Hours after President Donald Trump issued an executive order peeling back an array of his predecessor’s emission regulations, state Attorney General Eric Schneiderman promised legal action—asserting that the federal government is legally obligated to introduce a replacement plan to curb greenhouse gas emanations.
In 2015, the liberal Democratic prosecutor joined the federal government’s side in defending former President Barack ‘s Clean Power Plan from a suit by West Virginia, where the economy has relied upon coal production for generations. Trump’s edict today called on the Environmental Protection Agency to withdraw the restrictions on fossil fuel pollution rather than continue to litigate the case—but Schneiderman asserted that, as an intervening party, New York can and will carry on the fight in D.C. Circuit Court.
“We regret the fact that the president is trying to dial back history, but it’s not going to happen,” Schneiderman told reporters on a conference call this evening. “Pollution flows across borders, and there are some aspects of this that require national, if not global solutions.”
Further, the attorney general alluded to the Supreme Court’s decision in the 2007 Massachusetts v. Environmental Protection Agency case, which determined that the Clean Air Act requires the EPA to establish and enforce limits on the output of carbon dioxide and other greenhouse gases. Schneiderman mockingly recalled the president’s promise to put up and pass an alternative to the Affordable Care Act before scrapping the Obama-era legislation—an effort that failed on Friday when House Speaker Paul Ryan had to pull their substitute plan, the American Healthcare Act.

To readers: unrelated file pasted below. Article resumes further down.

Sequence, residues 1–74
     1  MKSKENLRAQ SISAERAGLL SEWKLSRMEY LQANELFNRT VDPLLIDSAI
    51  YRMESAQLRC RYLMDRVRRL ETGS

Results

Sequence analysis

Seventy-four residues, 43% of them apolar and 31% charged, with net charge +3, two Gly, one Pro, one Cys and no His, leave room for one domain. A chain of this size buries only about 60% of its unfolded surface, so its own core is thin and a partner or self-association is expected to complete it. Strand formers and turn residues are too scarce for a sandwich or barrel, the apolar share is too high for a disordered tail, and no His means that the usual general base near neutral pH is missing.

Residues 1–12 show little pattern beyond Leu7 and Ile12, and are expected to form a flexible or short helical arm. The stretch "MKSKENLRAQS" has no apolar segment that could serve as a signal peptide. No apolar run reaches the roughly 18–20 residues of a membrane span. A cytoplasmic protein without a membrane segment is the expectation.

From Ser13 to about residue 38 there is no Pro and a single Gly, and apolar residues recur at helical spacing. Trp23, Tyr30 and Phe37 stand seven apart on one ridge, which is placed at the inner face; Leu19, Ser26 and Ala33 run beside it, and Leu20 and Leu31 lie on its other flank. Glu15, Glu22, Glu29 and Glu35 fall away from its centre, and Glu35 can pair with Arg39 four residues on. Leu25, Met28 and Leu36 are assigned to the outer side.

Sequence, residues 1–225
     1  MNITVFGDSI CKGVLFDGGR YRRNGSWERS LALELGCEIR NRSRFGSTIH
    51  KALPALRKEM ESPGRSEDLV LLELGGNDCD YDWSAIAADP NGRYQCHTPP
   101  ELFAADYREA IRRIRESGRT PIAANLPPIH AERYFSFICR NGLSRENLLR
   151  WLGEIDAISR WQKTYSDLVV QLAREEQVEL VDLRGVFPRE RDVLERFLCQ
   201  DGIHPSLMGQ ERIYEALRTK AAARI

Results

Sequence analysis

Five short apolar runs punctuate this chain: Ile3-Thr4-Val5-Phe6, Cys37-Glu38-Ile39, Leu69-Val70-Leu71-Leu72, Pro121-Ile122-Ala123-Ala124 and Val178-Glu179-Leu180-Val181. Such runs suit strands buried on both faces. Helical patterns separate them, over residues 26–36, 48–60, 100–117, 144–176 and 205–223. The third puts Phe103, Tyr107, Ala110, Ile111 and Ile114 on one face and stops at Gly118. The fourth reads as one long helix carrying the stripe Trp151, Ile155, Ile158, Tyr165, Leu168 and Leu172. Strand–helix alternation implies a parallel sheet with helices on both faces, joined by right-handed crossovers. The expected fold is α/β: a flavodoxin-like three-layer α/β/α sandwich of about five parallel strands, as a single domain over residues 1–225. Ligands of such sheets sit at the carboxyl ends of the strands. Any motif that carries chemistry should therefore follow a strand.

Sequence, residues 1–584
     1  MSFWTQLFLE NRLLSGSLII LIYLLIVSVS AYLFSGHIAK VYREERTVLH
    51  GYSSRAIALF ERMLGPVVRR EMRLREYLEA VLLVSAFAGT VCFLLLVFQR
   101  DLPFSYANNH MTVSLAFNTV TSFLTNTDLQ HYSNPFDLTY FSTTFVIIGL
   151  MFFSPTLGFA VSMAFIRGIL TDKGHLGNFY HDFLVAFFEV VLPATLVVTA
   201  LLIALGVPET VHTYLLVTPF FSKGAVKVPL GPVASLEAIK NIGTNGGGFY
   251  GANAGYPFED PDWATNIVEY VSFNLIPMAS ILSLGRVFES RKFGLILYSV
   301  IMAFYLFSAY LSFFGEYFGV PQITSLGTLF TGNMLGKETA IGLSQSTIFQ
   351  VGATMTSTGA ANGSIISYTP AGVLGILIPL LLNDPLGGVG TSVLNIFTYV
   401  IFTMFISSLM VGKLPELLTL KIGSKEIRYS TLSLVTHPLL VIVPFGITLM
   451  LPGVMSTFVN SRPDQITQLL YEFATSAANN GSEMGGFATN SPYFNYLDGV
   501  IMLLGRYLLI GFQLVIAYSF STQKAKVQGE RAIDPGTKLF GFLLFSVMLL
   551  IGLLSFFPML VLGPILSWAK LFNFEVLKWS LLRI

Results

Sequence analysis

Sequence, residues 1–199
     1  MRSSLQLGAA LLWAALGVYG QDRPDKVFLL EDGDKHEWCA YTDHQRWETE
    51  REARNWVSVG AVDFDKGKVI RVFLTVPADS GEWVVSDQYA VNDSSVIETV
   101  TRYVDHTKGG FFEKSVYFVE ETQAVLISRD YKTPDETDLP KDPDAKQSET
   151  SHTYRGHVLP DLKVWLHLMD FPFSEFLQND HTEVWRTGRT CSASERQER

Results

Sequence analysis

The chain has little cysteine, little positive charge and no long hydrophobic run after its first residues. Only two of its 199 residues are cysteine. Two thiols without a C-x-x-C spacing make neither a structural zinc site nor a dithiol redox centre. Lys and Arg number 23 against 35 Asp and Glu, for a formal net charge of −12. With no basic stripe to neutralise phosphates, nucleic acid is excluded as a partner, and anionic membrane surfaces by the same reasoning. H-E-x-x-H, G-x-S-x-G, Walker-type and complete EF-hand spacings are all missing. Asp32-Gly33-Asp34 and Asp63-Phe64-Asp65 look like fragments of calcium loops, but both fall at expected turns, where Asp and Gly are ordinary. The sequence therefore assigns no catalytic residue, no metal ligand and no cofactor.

“They probably don’t want to hear this again, but if they want to repeal, they have to replace,” the attorney general said. “We are very confident that the EPA cannot simply dismantle the Clean Power Plan and leave nothing in its place.”
Schneiderman, who backed Hillary Clinton for president, has been a Trump opponent since well before the Queens-born mogul announced his candidacy. He joined a class action lawsuit against the developer’s Trump University real estate seminar in 2013.